Provided by: libgps-dev_3.4-2_i386 bug

NAME

       libgps - C service library for communicating with the GPS daemon

SYNOPSIS

       C:

       #include <gps.h>

       int gps_open(char *server, char * port, struct gps_data_t *gpsdata);

       int gps_send(struct gps_data_t *gpsdata, char *fmt...);

       int gps_read(struct gps_data_t *gpsdata);

       bool gps_waiting(const struct gps_data_t *gpsdata, int timeout);

       char *gps_data(const struct gps_data_t *gpsdata);

       int gps_unpack(char *buf, struct gps_data_t *gpsdata);

       void gps_close(struct gps_data_t *gpsdata);

       int gps_stream(struct gps_data_t *gpsdata, unsigned intflags,
                      void *data);

       const char *gps_errstr(int err);

                              Python:

                              import gps

                              session = gps.gps(host="localhost", port="2947")

                              session.stream(flags=gps.WATCH_JSON)

                              for report in session:
                                  process(report)

                              del session

DESCRIPTION

       libgps is a service library which supports communicating with an
       instance of the gpsd(8); link it with the linker option -lgps.

           Warning
           Take care to conditionalize your code on the major and minor API
           version symbols in gps.h; ideally, force a compilation failure if
           GPSD_API_MAJOR_VERSION is not a version you recognize. See the GPSD
           project website for more information on the protocol and API
           changes.

       Calling gps_open() initializes a GPS-data structure to hold the data
       collected by the GPS, and sets up access to gpsd(1) via either the
       socket or shared-memory export. The shared-memory export is faster, but
       does not carry information about device activation and deactivation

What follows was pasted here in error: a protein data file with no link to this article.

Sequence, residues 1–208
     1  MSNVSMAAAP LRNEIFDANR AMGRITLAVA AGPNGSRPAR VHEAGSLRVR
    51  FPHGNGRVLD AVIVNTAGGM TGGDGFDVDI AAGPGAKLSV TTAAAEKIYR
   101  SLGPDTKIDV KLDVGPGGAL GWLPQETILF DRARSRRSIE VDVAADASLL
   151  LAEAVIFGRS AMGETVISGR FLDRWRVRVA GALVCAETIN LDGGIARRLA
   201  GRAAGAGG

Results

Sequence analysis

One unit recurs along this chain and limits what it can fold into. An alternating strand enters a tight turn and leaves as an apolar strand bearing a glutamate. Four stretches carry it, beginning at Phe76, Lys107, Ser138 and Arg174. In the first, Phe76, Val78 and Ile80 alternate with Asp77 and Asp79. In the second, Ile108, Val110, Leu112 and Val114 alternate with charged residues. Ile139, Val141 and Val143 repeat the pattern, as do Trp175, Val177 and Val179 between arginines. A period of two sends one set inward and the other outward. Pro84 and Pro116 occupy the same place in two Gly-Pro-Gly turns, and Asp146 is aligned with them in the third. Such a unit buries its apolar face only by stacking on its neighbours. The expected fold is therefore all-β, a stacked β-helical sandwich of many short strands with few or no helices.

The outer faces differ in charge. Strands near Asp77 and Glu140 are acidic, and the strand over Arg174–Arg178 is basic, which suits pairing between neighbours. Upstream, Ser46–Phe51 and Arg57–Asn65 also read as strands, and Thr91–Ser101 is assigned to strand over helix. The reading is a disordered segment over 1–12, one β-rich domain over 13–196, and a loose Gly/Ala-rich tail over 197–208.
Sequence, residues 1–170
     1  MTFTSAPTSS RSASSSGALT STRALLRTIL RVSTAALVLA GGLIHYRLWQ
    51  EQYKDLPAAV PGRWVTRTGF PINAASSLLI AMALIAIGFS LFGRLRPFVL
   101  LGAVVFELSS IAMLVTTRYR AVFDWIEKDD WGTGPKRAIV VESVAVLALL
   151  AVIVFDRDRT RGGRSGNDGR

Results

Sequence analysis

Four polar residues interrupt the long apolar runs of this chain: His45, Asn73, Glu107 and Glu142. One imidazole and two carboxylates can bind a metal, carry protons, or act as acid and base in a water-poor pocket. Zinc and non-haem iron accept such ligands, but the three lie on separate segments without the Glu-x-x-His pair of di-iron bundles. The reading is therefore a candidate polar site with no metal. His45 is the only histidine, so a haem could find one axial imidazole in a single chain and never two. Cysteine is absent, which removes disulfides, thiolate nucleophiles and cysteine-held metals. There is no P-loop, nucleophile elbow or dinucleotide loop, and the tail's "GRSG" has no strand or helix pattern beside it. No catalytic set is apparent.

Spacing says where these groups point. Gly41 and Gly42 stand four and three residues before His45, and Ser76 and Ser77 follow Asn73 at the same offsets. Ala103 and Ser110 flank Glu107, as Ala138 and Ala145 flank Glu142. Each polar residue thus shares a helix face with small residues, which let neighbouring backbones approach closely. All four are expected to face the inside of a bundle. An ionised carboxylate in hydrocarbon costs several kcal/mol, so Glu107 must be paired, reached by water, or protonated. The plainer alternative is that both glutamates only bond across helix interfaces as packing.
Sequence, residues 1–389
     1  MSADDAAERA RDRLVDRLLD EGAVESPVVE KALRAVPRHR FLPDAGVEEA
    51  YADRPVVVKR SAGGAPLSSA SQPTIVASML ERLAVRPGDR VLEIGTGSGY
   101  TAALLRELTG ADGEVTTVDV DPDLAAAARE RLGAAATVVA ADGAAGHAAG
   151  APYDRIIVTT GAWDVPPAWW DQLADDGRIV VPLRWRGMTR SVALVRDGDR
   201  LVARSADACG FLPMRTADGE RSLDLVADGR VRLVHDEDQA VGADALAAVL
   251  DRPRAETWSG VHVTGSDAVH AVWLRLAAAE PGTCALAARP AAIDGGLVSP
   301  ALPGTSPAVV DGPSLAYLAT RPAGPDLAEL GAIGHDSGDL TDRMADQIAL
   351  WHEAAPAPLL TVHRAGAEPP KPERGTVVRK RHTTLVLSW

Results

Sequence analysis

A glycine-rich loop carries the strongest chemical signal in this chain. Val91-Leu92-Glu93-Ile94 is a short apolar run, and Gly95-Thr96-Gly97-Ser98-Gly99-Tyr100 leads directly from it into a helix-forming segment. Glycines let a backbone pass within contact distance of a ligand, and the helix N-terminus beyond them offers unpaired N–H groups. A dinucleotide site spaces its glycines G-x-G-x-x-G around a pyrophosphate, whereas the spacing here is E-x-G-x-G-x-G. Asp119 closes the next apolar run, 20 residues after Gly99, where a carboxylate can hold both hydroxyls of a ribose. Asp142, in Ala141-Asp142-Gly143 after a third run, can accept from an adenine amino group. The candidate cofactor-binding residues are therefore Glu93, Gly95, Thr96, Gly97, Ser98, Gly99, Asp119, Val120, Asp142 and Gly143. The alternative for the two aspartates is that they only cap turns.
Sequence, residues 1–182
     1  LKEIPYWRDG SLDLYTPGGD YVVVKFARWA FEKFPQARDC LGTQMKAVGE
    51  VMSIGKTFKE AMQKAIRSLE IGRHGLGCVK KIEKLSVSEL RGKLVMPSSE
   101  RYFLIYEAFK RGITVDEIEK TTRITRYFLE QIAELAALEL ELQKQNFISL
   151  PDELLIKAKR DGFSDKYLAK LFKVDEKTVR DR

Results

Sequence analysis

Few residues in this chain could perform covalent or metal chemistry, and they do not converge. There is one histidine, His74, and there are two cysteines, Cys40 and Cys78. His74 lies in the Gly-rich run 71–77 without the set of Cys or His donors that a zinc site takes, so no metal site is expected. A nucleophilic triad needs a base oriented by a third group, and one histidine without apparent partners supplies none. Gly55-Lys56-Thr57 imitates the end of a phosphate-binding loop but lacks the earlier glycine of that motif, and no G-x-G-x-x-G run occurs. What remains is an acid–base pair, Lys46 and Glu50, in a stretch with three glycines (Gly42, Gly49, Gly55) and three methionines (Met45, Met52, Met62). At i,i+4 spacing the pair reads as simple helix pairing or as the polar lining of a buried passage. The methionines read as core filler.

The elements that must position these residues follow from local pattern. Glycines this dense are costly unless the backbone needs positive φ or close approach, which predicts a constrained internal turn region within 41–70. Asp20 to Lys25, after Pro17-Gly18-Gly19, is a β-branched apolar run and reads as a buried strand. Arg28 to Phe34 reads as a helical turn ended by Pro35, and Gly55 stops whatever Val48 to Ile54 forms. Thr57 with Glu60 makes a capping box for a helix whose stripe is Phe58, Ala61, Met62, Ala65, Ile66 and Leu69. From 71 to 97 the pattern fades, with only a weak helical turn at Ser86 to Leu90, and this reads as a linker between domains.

events and will not allow you to monitor device packet traffic.

       gps_open() returns 0 on success, -1 on errors and is re-entrant. errno
       is set depending on the error returned from the socket or shared-memory
       interface; see gps.h for values and explanations; also see
       gps_errstr(). The host address may be a DNS name, an IPv4 dotted quad,
       an IPV6 address, or the special value GPSD_SHARED_MEMORY referring to
       the shared-memory export; the library will do the right thing for any
       of these.

       gps_close() ends the session.

       gps_send() writes a command to the daemon. It does nothing when using
       the shared-memory export. The second argument must be a format string
       containing elements from the command set documented at gpsd(1). It may
       have % elements as for sprintf(3), which will be filled in from any
       following arguments. This function returns a -1 if there was a
       Unix-level write error, otherwise 0. Please read the LIMITATIONS
       section for additional information and cautions. See gps_stream() as a
       possible alternative.

       gps_read() accepts a response, or sequence of responses, from the
       daemon and interprets. This function does either a nonblocking read for
       data from the daemon or a fetch from shared memory; it returns a count
       of bytes read for success, -1 with errno set on a Unix-level read
       error, -1 with errno not set if the socket to the daemon has closed or
       if the shared-memory segment was unavailable, and 0 if no data is
       available.

       gps_waiting() can be used to check whether there is new data from the
       daemon. The second argument is the maximum amount of time to wait (in
       microseconds) on input before returning. It returns true if there is
       input waiting, false on timeout (no data waiting) or error condition.
       This function is a convenience wrapper around a select(2) call, and
       zeros errno on entry; you can test errno after exit to get more
       information about error conditions.

       gps_unpack() parses JSON from the argument buffer into the target of
       the session structure pointer argument. Included in case your
       application wishes to manage socket I/O itself.

       gps_data() returns the contents of the client data buffer (it returns
       NULL when using the shared-memory export). Use with care; this may fail
       to be a NUL-terminated string if WATCH_RAW is enabled.

       gps_stream() asks gpsd to stream the reports it has at you, to be made
       available when you poll (not available when using the shared-memory
       export). The second argument is a flag mask that sets various policy
       bits; see the list below. Calling gps_stream() more than once with
       different flag masks is allowed.

       WATCH_DISABLE
           Disable the reporting modes specified by the other WATCH_ flags.

       WATCH_ENABLE
           Disable the reporting modes specified by the other WATCH_ flags.